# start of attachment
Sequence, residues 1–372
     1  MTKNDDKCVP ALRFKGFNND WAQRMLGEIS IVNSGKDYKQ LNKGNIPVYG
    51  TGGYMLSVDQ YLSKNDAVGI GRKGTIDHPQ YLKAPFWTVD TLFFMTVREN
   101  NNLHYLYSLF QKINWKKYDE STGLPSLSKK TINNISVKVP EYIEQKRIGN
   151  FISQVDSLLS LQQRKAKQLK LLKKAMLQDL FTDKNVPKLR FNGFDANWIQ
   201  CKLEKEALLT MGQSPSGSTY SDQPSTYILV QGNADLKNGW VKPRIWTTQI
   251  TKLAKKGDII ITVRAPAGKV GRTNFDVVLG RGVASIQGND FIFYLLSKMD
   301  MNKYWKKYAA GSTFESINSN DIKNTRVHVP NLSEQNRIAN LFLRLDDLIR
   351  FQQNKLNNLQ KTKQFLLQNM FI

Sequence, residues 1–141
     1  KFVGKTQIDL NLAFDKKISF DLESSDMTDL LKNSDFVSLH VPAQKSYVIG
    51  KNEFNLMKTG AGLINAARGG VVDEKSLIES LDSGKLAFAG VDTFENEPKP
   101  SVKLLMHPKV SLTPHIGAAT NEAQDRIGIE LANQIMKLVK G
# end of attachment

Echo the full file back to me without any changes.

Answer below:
Sequence, residues 1–372
     1  MTKNDDKCVP ALRFKGFNND WAQRMLGEIS IVNSGKDYKQ LNKGNIPVYG
    51  TGGYMLSVDQ YLSKNDAVGI GRKGTIDHPQ YLKAPFWTVD TLFFMTVREN
   101  NNLHYLYSLF QKINWKKYDE STGLPSLSKK TINNISVKVP EYIEQKRIGN
   151  FISQVDSLLS LQQRKAKQLK LLKKAMLQDL FTDKNVPKLR FNGFDANWIQ
   201  CKLEKEALLT MGQSPSGSTY SDQPSTYILV QGNADLKNGW VKPRIWTTQI
   251  TKLAKKGDII ITVRAPAGKV GRTNFDVVLG RGVASIQGND FIFYLLSKMD
   301  MNKYWKKYAA GSTFESINSN DIKNTRVHVP NLSEQNRIAN LFLRLDDLIR
   351  FQQNKLNNLQ KTKQFLLQNM FI

Sequence, residues 1–141
     1  KFVGKTQIDL NLAFDKKISF DLESSDMTDL LKNSDFVSLH VPAQKSYVIG
    51  KNEFNLMKTG AGLINAARGG VVDEKSLIES LDSGKLAFAG VDTFENEPKP
   101  SVKLLMHPKV SLTPHIGAAT NEAQDRIGIE LANQIMKLVK G